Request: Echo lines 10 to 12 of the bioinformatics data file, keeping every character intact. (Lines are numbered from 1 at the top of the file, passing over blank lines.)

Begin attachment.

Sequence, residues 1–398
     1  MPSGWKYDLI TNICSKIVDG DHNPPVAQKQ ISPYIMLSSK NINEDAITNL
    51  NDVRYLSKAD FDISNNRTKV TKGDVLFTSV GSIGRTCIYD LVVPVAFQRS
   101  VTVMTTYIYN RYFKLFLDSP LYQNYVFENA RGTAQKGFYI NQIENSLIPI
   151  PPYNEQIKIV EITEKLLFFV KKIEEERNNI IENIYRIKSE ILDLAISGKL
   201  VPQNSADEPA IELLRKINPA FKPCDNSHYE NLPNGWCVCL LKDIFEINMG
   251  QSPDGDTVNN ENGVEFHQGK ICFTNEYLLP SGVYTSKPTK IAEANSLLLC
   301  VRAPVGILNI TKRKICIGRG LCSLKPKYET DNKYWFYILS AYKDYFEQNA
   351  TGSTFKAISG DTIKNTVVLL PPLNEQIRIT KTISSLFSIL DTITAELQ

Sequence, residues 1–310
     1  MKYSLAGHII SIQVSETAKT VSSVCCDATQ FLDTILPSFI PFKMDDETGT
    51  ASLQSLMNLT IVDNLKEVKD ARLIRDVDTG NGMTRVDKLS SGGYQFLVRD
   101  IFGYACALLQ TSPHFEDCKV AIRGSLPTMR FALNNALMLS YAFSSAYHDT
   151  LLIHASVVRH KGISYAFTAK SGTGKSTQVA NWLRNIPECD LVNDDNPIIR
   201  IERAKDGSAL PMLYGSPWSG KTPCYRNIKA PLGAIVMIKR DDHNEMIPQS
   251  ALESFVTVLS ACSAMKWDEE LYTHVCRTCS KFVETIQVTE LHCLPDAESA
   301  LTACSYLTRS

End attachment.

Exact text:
Sequence, residues 1–310
     1  MKYSLAGHII SIQVSETAKT VSSVCCDATQ FLDTILPSFI PFKMDDETGT
    51  ASLQSLMNLT IVDNLKEVKD ARLIRDVDTG NGMTRVDKLS SGGYQFLVRD